(Washington, DC) – The Supreme Court decision on June 25, 2012, barring the mandatory sentencing of juvenile offenders to life without parole recognizes children’s capacity for change. It also recognizes their distinct status from adults under international human rights and constitutional law.
The court’s ruling in Miller v. Alabama and Jackson v. Hobbs brings the United States closer to being in line with the rest of the world. No other country sentences people to life without parole for offenses they committed before the age of 18, even for homicide offenses. The ruling makes any mandatory sentence of juvenile life without parole unconstitutional and recognizes that in other cases in which life without parole may still be an option, judges should take into account the differences between children and adults.
“With this landmark ruling, the United States is no longer an egregious outlier among nations in requiring judges to put kids in prison until they die there,” said Alison Parker, US program director at Human Rights Watch. “The court did not go far enough, still allowing the sentence in rare cases, but it recognized that it is nearly impossible to be certain that any child is beyond redemption – and that the US criminal justice system needs to change to reflect this fact.”
Human Rights Watch estimates that over 2,500 people are serving life without parole for crimes they committed while a juvenile, in 38 states and federal prisons.The ruling should affect all cases in which courts did not take a youth’s age and status into account when sentencing – including cases in 29 states with mandatory sentencing schemes. In such cases, youth offenders should receive new sentences allowing for regular and periodic review of their eligibility for parole, and state legislatures should act to ensure that all youth offenders have access to such reviews.
Since 2004, through numerous interviews and in-depth data analysis, Human Rights Watch has been investigating the situation and conditions of confinement of youth sentenced to life without parole throughout the United States, and in particular states such as California and Colorado.
This research has found that there are stark racial disparities in the imposition of the sentence, with black youth serving life without parole at a per capita rate that is 10 times the rate of white youth.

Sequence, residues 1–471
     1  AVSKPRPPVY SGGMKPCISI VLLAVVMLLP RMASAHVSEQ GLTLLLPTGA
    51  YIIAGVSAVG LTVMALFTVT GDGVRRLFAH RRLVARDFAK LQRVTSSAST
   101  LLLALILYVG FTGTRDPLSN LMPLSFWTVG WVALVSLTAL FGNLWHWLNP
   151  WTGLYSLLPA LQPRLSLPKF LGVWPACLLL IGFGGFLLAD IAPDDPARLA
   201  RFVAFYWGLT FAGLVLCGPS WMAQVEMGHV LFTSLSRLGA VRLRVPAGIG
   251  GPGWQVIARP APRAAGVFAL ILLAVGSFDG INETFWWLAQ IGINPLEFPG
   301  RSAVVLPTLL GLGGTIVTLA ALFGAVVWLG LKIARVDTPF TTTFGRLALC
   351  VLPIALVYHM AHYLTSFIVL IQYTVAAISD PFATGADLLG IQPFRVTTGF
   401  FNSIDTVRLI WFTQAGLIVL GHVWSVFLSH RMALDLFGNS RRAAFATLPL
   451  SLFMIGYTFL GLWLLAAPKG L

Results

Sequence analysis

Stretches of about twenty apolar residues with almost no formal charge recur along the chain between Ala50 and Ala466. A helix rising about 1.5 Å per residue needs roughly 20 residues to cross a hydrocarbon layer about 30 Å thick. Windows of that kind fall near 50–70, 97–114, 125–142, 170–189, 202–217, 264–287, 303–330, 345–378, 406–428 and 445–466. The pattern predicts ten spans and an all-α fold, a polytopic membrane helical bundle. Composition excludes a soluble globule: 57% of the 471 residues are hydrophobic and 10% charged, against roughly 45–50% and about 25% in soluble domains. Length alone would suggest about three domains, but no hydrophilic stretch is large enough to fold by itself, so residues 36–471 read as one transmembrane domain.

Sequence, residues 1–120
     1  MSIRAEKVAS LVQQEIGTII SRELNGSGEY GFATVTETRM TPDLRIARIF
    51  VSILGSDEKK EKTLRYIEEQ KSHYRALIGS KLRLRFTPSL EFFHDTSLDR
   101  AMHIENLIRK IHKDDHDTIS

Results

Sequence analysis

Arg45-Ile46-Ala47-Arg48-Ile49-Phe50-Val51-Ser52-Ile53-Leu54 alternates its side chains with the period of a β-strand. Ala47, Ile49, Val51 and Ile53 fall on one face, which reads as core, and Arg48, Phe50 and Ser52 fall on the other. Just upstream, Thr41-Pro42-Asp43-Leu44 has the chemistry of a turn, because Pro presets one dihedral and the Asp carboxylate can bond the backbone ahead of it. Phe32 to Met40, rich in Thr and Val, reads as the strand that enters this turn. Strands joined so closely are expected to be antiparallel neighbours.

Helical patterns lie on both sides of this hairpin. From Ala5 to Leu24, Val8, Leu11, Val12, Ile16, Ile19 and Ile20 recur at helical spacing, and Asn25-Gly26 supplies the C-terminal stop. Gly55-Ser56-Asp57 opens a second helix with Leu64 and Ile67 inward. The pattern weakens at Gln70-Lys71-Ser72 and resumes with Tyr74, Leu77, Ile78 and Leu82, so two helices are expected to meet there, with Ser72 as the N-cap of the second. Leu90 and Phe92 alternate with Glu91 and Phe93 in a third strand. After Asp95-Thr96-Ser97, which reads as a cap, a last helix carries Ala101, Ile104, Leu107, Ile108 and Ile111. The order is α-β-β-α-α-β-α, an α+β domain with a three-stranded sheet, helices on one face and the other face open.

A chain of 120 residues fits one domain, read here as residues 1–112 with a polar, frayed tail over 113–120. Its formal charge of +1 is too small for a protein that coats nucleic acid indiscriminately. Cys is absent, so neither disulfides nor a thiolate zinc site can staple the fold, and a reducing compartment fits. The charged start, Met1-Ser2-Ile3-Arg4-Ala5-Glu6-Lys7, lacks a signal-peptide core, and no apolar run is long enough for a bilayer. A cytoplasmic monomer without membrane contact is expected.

Human Rights Watch also estimates that 59 percent of the youth serving life without parole in the United States received this sentence for their very first offense – they had no juvenile or adult criminal record prior to the offense that resulted in their life sentence.
Moreover, often youth sentenced to life without parole were not the primary actors in the crime: they did not pull the trigger or physically commit the homicide. A significant number of these cases involved an attempted crime gone awry – a botched robbery attempt, for example – rather than a murder planned by the youth in advance.
“Racial disparities and the excessive nature of the sentence in light of many youths’ criminal histories are important reasons to question its fairness,” Parker said. “But the sentence is inappropriate in every case – mandatory or not – because both constitutional and international human rights law recognize that children must be treated differently from adults.”
Oversight and enforcement bodies for two treaties that bind the US as a party – the International Covenant on Civil and Political Rights and the International Convention on the Elimination of All Forms of Racial Discrimination – have found that the practice is a clear violation of US treaty obligations.
This international consensus is reflected in the US Supreme Court’s previous rulings in Roper v. Simmons – which found unconstitutional the imposition of capital punishment on juvenile offenders, and Graham v. Florida – which held that juvenile offenders cannot be sentenced to life without parole for non-homicide offenses. The court has recognized, and has affirmed in its decision on June 25, that the differences between juveniles and adults make suspect any conclusion that a juvenile offender can be judged beyond rehabilitation at such a young age. After the Supreme Court’s decision, there is no longer any doubt that the US Constitution, like international human rights law, draws a clear line between juveniles and adults when it comes to matters of crime and punishment.
“The Court has recognized today what every parent knows – kids are different and are capable of tremendous growth and transformation,” Parker said. “Now, it is up to judges and state legislators to ensure that every child offender has a meaningful chance to work toward rehabilitation, to periodically demonstrate their achievements, and, if merited, to earn their release from prison.”